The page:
Moral Capitalism and Global Warming

Yesterday, the U.N. Intergovernmental Panel on Climate Change (IPCC) released its report on the state of our world with respect to global warming.  The IPCC issued what was called a “code red” for humanity, saying our race has “nowhere to run; nowhere to hide.”  Each ton of carbon dioxide emitted can now be calculated as to its impact on warming our planet.

I have not thought much about how moral capitalism would “solve” the problem of global warming and a human civilization needing energy like a newborn needs its mother’s milk.  But the other week, we convened a round table here in Minnesota for participants to contribute ideas, concerns and observations about global warming.  Great wildfires and high temperatures in our western states made the dialogue timely.  Listening to the comments took my thinking in a new direction, which I would like to sketch out for you here.

Roughly, if a ton of C02 emitted increases global temperatures, then a ton of CO2 withdrawn from the atmosphere would act to lower global temperatures.

First, I have been comfortable in the flow of stakeholder analysis that a moral capitalism manages its impacts on its stakeholders with a concern to limit negative externalities and enhance positive externalities.

But what is the relationship of a firm to our atmosphere?

Capitalist firms exist to provide private goods and services for individual customers through markets.  They are not designed to provide public goods.  That, we have thought, is the function of governments and, to some extent, of charitable non-profits and norm-maintaining institutions, like churches and schools.

Economists tell us that the difference between private and public goods is “rivalry.”  We can be rivals over private goods because if I have the hamburger, you do not.  We are rivals for enjoyment of the good.  Public goods are different.  In theory, both you and I can use the same air or bridge.  My usage does not prevent you from also enjoying the good.

Global warming is a public “bad” – both you, I and many more suffer simultaneously from its effects.  We are all “owners,” in some sense, of the conditions created by global warming, but our ownership interests are losing value as the “bad” crowds out the “good.”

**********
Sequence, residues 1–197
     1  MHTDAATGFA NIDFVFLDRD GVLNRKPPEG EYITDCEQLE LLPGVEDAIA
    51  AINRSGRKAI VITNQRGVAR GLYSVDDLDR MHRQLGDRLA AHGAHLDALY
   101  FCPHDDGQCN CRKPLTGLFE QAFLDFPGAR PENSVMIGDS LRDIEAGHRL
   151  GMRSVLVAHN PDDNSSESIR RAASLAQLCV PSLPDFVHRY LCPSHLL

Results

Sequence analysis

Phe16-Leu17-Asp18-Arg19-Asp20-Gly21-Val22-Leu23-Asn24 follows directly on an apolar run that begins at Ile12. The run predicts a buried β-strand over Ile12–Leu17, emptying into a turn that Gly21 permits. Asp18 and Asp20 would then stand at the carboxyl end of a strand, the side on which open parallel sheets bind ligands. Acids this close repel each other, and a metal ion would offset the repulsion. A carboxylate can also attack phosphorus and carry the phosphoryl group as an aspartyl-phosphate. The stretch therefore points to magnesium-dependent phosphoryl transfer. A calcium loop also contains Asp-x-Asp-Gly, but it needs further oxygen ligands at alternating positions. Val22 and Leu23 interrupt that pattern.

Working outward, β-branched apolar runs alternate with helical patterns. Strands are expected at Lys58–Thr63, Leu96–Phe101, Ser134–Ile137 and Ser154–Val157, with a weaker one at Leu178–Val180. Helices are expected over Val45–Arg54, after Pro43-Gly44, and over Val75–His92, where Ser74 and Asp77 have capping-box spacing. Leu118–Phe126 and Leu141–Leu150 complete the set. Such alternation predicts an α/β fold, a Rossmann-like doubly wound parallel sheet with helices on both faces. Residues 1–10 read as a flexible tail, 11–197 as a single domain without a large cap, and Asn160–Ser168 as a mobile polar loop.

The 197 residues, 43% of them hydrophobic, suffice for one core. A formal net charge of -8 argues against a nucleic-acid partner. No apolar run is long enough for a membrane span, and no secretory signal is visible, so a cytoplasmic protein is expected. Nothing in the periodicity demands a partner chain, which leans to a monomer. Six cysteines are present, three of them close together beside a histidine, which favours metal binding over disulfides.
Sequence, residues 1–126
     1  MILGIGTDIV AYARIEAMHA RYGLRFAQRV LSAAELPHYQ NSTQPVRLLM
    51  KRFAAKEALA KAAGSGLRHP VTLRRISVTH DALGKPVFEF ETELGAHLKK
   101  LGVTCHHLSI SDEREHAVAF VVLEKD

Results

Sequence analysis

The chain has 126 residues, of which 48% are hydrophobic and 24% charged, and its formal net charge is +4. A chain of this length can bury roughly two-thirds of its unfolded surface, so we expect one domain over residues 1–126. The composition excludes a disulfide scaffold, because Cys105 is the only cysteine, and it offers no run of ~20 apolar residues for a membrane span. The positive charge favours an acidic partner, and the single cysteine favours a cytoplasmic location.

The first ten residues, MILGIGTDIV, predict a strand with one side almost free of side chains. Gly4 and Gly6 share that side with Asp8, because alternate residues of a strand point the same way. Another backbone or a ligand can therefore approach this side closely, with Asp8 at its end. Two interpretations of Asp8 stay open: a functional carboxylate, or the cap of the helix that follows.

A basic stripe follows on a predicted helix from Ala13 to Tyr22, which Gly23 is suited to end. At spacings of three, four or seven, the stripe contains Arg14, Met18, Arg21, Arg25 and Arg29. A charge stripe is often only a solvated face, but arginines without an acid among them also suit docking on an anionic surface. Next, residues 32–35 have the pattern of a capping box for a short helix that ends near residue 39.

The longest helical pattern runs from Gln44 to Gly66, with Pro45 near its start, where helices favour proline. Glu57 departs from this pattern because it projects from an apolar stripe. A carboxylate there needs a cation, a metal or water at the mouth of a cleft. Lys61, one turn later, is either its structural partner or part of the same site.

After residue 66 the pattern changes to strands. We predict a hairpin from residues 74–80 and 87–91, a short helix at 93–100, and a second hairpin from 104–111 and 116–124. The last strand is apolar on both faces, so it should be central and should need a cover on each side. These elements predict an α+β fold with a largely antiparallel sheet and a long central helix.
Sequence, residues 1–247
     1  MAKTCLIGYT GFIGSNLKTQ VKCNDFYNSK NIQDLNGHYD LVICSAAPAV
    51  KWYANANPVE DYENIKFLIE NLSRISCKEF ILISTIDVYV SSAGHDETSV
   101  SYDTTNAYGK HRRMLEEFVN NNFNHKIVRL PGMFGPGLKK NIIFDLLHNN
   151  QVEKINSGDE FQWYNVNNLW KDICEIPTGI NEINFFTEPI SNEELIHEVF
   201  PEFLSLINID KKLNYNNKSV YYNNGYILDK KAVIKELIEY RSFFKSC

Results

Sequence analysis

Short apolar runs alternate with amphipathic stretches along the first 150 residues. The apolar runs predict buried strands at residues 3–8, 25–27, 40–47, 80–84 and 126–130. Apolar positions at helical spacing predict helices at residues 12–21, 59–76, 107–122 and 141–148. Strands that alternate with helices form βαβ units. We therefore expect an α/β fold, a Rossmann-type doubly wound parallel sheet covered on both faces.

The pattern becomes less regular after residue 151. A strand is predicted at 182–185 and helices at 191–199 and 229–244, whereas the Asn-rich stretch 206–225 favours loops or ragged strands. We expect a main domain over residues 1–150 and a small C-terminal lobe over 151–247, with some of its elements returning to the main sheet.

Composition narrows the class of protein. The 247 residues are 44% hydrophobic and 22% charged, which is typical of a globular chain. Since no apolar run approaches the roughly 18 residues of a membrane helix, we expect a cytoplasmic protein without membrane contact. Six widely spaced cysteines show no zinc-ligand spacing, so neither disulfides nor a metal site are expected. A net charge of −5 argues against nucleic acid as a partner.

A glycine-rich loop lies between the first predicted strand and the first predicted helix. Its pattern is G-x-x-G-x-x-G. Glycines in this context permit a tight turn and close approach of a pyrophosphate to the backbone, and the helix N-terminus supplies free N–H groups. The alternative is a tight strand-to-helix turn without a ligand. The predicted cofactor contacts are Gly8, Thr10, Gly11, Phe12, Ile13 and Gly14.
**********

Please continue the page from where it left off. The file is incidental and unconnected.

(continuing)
Global warming is, therefore, a “condition,” not a good or a service which can be held against the claims of rivals.

Accordingly, capitalism, even a very moral one, is not designed to trade in conditions.  Firms may impact conditions in how they produce goods and services and the goods and services which they produce impact conditions.

Capitalism does not have an efficient means to remedy the accumulation of CO2 in our atmosphere.

But if CO2 was a “thing” – a good or service which could be bought and sold – then capitalism and markets could easily take direct action.

Actually, CO2 indeed is a “thing.”  It is a chemical compound.  In the air, it is a gas.  In coal and diamonds, it is a solid.  We can also liquify CO2.

Suppose we had technology which could extract CO2 from the air and turn it into a commodity.  Then, some companies could invent the technology and go into the business of extracting a natural resource from our atmosphere.  Others could then process and sell the CO2 to end users in forms which would not allow it to gasify and return to the atmosphere.

The market problem then becomes one of finding customers for CO2.  This is what cap and trade laws attempt to do.  Someone makes money by reducing the off-gassing of CO2 and selling the right to off-gas to another.  But that market does nothing to extract CO2, which has built up in the atmosphere during the last 100 years of industrialization using coal and oil/gas hydrocarbons as sources of humanized energy.

Now, governments are consumers, as well as individuals.  Why not have governments budget to buy CO2 extracted from the atmosphere?  They would immediately create a market into which firms could step and make money, if the pricing were right.

The government would then pay other companies to sequester the extracted CO2.  The public “bad’ of global warming would be gradually eliminated and all of humanity would benefit. Accordingly, the public should pay for gaining the good of reducing the bad.  Governments would finance the purchase of extracted CO2 and the sequestering of such an extracted chemical compound through the collection of taxes.

Thus, would moral government work synchronistically with moral capitalism to reduce the “bad” of global warming, while the world awaits the invention of new technology to generate electricity by means other than consumption of hydrocarbons.